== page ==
As a victim is also important that he is not made to accept justice against his/her wish. However the question that is asked is whether the victim’s rights campaign is necessary and important? Many people have a feeling that crime has increased for the last thirty years. Various studies carried out show an average individual (even those who have not been victimized) live in a regular fear of being victimization. Sadly, the fear of this people is true. This is because total number of crimes in United States has increased by 300% since 1965 to the present day.

While violent crime has escalated to more than 600%. (Anita and John, 1993) This has lead to a very large financial burden to the nation as it is approximated that $450 billion is spent on crime every year. This mean that 1. 8 million days are lost in terms of workdays, which translates to more than $55 million lost in terms of wages according to US Department of Justice. (US Department of Justice, 1998) It is also interesting to note that, as the laws to protect the Victim’s rights are passed, the crime increases.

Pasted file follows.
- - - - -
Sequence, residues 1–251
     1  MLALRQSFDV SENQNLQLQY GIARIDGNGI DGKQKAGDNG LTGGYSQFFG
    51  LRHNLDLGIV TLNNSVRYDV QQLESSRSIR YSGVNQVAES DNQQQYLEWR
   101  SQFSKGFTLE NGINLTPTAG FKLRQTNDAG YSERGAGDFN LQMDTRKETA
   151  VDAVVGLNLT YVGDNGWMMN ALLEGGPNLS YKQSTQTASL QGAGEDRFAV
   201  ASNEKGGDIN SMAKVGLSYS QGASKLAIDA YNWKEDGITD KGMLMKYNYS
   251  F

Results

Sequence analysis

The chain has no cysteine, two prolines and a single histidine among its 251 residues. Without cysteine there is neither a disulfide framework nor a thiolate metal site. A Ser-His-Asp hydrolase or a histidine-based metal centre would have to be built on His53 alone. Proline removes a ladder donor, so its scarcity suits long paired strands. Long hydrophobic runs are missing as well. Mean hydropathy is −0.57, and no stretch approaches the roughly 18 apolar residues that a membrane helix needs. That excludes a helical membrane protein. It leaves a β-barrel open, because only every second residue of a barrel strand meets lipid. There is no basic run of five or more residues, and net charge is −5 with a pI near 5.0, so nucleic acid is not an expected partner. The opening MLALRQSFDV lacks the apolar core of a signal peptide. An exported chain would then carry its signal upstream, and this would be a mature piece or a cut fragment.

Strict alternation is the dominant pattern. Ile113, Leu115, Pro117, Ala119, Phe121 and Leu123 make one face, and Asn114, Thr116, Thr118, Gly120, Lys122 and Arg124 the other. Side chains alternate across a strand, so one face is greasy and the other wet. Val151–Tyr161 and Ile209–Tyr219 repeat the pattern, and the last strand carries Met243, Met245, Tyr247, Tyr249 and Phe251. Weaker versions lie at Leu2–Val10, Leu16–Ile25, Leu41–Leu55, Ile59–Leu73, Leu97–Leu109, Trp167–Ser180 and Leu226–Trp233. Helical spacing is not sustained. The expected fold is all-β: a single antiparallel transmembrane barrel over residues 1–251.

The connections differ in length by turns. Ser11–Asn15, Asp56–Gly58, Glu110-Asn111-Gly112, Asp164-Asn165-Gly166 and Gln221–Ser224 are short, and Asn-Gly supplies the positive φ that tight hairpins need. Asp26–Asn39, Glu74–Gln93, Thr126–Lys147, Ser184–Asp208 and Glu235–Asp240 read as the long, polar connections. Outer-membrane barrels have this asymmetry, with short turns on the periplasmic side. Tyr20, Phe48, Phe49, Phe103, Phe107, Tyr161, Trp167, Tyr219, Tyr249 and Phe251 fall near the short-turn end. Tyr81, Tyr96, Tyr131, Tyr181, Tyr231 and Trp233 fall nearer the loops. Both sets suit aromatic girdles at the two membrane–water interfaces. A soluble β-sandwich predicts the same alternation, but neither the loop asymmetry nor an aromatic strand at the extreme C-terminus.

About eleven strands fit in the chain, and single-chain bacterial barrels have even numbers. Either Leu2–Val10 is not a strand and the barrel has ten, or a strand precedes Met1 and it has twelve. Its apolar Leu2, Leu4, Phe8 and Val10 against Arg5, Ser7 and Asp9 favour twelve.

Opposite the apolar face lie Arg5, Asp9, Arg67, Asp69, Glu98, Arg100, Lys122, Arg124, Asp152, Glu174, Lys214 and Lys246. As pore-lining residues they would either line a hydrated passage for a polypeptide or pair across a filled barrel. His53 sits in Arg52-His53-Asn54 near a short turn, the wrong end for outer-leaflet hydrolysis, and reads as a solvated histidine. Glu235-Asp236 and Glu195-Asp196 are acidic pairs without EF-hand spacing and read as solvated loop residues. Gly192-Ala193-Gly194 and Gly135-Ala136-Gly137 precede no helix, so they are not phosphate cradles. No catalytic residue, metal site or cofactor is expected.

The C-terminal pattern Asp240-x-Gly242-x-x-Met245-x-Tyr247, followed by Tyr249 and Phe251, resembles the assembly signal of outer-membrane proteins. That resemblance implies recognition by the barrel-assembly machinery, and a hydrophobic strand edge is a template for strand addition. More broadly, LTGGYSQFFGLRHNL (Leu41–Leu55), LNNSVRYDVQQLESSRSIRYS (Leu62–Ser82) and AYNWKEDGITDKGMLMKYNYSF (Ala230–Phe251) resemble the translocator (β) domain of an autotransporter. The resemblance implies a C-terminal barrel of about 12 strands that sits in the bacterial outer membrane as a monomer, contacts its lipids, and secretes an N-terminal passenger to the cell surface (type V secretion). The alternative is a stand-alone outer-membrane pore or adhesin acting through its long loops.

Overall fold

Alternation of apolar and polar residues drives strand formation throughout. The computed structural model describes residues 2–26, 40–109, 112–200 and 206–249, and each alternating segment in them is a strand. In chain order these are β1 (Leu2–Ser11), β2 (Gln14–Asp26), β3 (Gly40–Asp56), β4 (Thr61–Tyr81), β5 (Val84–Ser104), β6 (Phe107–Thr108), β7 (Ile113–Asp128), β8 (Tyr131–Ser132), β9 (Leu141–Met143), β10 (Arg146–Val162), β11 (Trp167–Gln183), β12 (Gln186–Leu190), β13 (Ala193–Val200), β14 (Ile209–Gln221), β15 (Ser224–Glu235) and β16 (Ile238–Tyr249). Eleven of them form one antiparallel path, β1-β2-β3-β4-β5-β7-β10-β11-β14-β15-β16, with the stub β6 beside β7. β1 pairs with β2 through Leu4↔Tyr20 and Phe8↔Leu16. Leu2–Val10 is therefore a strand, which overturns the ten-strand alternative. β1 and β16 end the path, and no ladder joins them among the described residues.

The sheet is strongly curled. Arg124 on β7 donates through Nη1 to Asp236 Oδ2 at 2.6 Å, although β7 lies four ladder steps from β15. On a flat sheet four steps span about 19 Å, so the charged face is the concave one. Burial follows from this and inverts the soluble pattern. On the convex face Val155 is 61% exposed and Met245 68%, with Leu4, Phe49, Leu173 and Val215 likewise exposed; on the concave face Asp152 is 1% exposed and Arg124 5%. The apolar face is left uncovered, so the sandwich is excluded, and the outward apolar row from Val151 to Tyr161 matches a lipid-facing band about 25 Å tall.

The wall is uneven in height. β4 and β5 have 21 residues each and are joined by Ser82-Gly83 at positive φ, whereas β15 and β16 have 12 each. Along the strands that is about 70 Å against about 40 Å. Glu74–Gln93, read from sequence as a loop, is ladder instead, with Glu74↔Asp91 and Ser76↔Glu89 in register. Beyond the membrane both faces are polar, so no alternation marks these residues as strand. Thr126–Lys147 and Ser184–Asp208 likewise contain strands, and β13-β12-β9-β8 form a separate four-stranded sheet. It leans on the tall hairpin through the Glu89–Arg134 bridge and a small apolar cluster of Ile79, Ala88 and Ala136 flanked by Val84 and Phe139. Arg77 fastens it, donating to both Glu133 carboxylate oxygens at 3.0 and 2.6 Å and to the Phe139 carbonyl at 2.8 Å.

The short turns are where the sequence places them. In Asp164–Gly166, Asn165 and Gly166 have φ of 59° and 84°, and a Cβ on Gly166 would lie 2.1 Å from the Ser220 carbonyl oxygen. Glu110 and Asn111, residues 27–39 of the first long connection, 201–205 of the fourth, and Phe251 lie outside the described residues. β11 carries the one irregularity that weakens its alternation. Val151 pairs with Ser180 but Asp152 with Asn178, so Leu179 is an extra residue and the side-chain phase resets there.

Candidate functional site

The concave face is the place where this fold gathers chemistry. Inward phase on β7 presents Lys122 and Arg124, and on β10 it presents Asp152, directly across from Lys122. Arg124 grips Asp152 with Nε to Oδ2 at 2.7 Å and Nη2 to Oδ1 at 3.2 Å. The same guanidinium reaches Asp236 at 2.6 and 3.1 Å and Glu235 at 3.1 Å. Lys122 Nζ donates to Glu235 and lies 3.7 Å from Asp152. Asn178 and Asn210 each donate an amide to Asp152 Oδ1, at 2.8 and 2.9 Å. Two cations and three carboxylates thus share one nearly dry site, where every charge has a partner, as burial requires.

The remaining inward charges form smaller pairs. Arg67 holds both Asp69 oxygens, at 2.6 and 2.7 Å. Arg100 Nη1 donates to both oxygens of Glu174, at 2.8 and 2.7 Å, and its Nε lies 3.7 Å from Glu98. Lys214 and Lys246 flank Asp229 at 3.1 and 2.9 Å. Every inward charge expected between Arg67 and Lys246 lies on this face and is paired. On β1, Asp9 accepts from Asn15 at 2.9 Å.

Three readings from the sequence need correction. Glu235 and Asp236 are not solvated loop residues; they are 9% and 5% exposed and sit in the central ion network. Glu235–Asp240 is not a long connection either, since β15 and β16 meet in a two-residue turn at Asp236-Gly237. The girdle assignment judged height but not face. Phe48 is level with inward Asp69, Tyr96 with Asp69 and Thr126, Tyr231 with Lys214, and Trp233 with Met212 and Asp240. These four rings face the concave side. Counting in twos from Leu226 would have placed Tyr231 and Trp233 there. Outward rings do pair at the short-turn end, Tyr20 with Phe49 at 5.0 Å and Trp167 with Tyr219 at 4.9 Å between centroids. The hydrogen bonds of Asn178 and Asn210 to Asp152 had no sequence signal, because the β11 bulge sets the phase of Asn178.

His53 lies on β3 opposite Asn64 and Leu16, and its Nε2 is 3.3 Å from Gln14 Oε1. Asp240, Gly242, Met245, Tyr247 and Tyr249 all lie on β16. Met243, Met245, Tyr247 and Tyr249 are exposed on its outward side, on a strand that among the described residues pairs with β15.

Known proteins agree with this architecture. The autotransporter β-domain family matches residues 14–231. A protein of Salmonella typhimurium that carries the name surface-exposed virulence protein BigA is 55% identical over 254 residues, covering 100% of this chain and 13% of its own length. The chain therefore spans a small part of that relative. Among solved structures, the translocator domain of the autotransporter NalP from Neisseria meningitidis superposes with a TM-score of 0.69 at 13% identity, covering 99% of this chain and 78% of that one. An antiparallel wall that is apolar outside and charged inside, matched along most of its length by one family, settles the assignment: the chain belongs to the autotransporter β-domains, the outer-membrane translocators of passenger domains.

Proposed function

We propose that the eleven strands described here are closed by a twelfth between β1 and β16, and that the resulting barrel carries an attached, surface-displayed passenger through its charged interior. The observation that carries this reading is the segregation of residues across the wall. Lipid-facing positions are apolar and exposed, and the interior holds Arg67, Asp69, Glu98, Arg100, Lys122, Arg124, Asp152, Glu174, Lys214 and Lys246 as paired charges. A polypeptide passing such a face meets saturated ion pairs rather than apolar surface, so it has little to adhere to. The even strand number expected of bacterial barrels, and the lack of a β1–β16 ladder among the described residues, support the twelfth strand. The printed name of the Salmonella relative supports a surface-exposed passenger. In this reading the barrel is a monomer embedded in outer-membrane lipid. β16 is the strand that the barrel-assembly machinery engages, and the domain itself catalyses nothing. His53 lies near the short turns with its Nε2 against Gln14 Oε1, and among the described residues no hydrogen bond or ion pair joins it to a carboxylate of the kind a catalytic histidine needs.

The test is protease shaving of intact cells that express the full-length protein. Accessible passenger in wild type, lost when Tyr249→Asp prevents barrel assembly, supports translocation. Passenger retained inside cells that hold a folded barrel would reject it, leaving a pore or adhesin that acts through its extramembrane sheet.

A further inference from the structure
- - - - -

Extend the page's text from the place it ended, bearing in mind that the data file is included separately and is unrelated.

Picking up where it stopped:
It was also noted that the percentage of those who repeated to commit a crime was high. Resick (1998) shows that a study carried out by University of Pennsylvania revealed that 67% of total crime committed in the nation was carried by a mere 10% of the criminal population. In other cases, the perpetrators hunted and victimized their victim for the second time. This is thought to be a result of the perpetrators not being given harsh penalties or as a result of more liberal laws which seems to give criminals a sense that the government is soft on them and their more rights than those of the victims.

These facts are chilling and the problem is touching each community. The Department of Justice shows the America is the one with highest number of violent crimes than any other country. It is estimated that the homicide crime is five times that of Europe while the Juvenile crime rate is seven times more than that of Europe or Japan. Looking at possibility of being a victim in1996, a survey carried out by Gallup poll, showed that women feared most being victims than men. The survey showed that 57% of women are victimized as compared to men who were at 43%.

The research also found out that non white people were the one more concerned about becoming victims than the whites. It was also noted that few people had confidence in the justice system. It is also apparent that victims are most likely not to report a crime if the perpetrator is someone they know personally. Those victims who are violently attacked are highly likely to report the crime to police if the perpetrator is a stranger. The group which is likely not to report a crime is that of young children aged between 12 and 19.